Read the ''fuzzing.cfg'' packet configuration file (which contains drnd() calls) and send out the generated packets to the ''eth0'' device. After each sent packet, ping probe the attacked host with address 10.0.0.1 to check if it's still alive. This also means, that we utilize 1 CPU only, and do not use the TX_RING, but sendto(2) packet I/O due to ''slow mode''.

trafgen --dev wlan0 --rfraw --conf beacon-test.txf -V --cpus 2

As an output device ''wlan0'' is used and put into monitoring mode, thus we are going to transmit raw 802.11 frames through the air. Use the
''beacon-test.txf'' configuration file, set trafgen into verbose mode and use only 2 CPUs.

trafgen --dev em1 --conf frag_dos.cfg --rand --gap 1000us

Use trafgen in sendto(2) mode instead of TX_RING mode and sleep after each sent packet a static timegap for 1000us. Generate packets from ''frag_dos.cfg'' and select next packets to send randomly instead of a round-robin fashion. The output device for packets is ''em1''.

trafgen --dev eth0 --conf icmp.cfg --rand --num 1400000 -k1000

Send only 1400000 packets using the ''icmp.cfg'' configuration file and then exit trafgen. Select packets randomly from that file for transmission and send them out via ''eth0''. Also, trigger the kernel every 1000us for batching the ring frames from user space (default is 10us).

trafgen --dev eth0 --conf tcp_syn.cfg -u `id -u bob` -g `id -g bob`

Send out packets generated from the configuration file ''tcp_syn.cfg'' via the ''eth0'' networking device. After setting up the ring for transmission, drop credentials to the non-root user/group bob/bob.

trafgen --dev eth0 '{ fill(0xff, 6), 0x00, 0x02, 0xb3, rnd(3), c16(0x0800), fill(0xca, 64) }' -n 1

Send out 1 invaid IPv4 packet built from command line to all hosts.

Note

trafgen can saturate a Gigabit Ethernet link without problems. As always, of course, this depends on your hardware as well. Not everywhere where it says Gigabit Ethernet on the box, will you reach almost physical line rate! Please also read the netsniff-ng(8) man page, section Note for further details about tuning your system e.g. with tuned(8).

If you intend to use trafgen on a 10-Gbit/s Ethernet NIC, make sure you are using a multiqueue tc(8) discipline, and make sure that the packets you generate with trafgen will have a good distribution among tx_hashes so that you'll actually make use of multiqueues.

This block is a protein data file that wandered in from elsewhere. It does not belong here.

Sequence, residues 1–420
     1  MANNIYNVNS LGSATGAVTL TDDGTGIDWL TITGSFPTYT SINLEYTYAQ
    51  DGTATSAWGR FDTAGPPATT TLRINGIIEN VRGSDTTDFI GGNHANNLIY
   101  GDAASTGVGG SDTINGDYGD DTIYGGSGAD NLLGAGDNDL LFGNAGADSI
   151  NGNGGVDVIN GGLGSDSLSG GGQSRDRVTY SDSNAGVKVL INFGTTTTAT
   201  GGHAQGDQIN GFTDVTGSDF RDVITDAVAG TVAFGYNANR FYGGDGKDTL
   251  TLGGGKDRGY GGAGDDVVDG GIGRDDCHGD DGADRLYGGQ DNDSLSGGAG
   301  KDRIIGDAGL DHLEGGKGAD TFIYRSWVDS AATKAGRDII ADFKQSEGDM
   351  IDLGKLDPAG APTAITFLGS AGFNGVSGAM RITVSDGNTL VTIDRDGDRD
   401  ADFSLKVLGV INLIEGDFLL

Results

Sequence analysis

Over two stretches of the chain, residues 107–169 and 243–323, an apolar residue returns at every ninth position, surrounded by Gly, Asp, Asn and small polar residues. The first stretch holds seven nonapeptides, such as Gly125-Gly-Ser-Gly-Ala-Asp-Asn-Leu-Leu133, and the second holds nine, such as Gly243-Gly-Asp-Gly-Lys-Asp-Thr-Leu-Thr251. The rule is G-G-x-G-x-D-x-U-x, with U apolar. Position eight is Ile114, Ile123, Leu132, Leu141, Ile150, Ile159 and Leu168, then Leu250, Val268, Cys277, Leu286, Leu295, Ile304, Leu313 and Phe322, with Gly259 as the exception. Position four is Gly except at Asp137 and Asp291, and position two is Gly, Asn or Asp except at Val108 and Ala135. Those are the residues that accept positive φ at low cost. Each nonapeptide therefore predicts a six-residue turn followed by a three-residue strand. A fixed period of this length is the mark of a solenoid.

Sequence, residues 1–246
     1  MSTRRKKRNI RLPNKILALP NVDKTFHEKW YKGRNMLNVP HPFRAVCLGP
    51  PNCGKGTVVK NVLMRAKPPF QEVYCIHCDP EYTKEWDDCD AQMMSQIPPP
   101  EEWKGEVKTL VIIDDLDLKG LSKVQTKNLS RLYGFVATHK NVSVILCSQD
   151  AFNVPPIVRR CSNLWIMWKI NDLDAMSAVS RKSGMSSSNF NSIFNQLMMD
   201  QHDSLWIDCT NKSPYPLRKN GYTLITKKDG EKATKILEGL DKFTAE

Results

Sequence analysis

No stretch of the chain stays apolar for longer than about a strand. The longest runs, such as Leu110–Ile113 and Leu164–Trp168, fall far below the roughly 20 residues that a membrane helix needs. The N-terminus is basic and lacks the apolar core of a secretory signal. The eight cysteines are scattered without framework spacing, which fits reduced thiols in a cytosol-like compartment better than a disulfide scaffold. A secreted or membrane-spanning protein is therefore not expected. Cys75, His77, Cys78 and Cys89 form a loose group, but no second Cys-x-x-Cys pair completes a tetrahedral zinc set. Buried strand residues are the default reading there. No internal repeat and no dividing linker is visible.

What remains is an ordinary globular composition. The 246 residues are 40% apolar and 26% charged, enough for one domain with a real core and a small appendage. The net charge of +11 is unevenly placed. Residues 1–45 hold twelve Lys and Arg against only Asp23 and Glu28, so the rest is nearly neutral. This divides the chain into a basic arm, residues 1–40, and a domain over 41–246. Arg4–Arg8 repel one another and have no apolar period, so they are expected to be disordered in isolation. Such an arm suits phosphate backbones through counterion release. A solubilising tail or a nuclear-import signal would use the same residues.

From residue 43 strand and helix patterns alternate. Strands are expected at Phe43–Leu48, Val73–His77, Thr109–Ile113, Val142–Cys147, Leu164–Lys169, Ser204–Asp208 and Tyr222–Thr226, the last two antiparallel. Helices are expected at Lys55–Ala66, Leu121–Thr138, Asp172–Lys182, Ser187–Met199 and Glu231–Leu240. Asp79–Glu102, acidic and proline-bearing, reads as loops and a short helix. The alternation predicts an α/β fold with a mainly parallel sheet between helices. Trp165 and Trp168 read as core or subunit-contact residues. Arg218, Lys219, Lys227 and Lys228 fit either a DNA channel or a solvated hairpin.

For introducing bit errors, delays with random variation and more, there is no built-in option in trafgen. Rather, one should reuse existing methods for that which integrate nicely with trafgen, such as tc(8) with its different disciplines, i.e. netem.

For more complex packet configurations, it is recommended to use high-level scripting for generating trafgen packet configurations in a more automated way, i.e. also to create different traffic distributions that are common for industrial benchmarking:

Traffic model Distribution

IMIX 64:7, 570:4, 1518:1
Tolly 64:55, 78:5, 576:17, 1518:23
Cisco 64:7, 594:4, 1518:1
RPR Trimodal 64:60, 512:20, 1518:20
RPR Quadrimodal 64:50, 512:15, 1518:15, 9218:20

The low-level nature of trafgen makes trafgen rather protocol independent and therefore useful in many scenarios when stress testing is needed, for instance. However, if a traffic generator with higher level packet descriptions is desired, netsniff-ng's mausezahn(8) can be of good use as well.

For smoke/fuzz testing with trafgen, it is recommended to have a direct link between the host you want to analyze (''victim'' machine) and the host you run trafgen on (''attacker'' machine). If the ICMP reply from the victim fails, we assume that probably its kernel crashed, thus we print the last sent packet together with the seed and quit probing. It might be very unlikely to find such a ping-of-death on modern Linux systems. However, there might be a good chance to find it on some proprietary (e.g. embedded) systems or buggy driver firmwares that are in the wild. Also, fuzz testing can be done on raw 802.11 frames, of course. In case you find a ping-of-death, please mention that you were using trafgen in your commit message of the fix!

Bugs

For old trafgen versions only, there could occur kernel crashes: we have fixed this bug in the mainline and stable kernels under commit 7f5c3e3a8 (''af_packet: remove BUG statement in tpacket_destruct_skb'') and also in trafgen.

Probably the best is if you upgrade trafgen to the latest version.

History

trafgen was originally written for the netsniff-ng toolkit by Daniel Borkmann. It is currently maintained by Tobias Klauser <tklauser@distanz.ch> and Daniel Borkmann <dborkma@tik.ee.ethz.ch>.

See Also

netsniff-ng(8), mausezahn(8), ifpps(8), bpfc(8), flowtop(8), astraceroute(8), curvetun(8)

Author

Manpage was written by Daniel Borkmann.

Colophon

This page is part of the Linux netsniff-ng toolkit project. A description of the project, and information about reporting bugs, can be found at http://netsniff-ng.org/.

Referenced By

astraceroute(8), bpfc(8), curvetun(8), flowtop(8), ifpps(8), mausezahn(8), netsniff-ng(8).

03 March 2013 Linux netsniff-ng toolkit